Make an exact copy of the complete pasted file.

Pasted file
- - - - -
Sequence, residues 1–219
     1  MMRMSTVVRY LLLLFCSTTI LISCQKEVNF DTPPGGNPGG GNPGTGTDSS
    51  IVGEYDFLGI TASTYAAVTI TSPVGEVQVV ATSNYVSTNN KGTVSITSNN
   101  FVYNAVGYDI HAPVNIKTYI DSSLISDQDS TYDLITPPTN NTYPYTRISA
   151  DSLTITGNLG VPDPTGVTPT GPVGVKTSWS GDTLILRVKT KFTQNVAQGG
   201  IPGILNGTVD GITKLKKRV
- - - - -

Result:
Sequence, residues 1–219
     1  MMRMSTVVRY LLLLFCSTTI LISCQKEVNF DTPPGGNPGG GNPGTGTDSS
    51  IVGEYDFLGI TASTYAAVTI TSPVGEVQVV ATSNYVSTNN KGTVSITSNN
   101  FVYNAVGYDI HAPVNIKTYI DSSLISDQDS TYDLITPPTN NTYPYTRISA
   151  DSLTITGNLG VPDPTGVTPT GPVGVKTSWS GDTLILRVKT KFTQNVAQGG
   201  IPGILNGTVD GITKLKKRV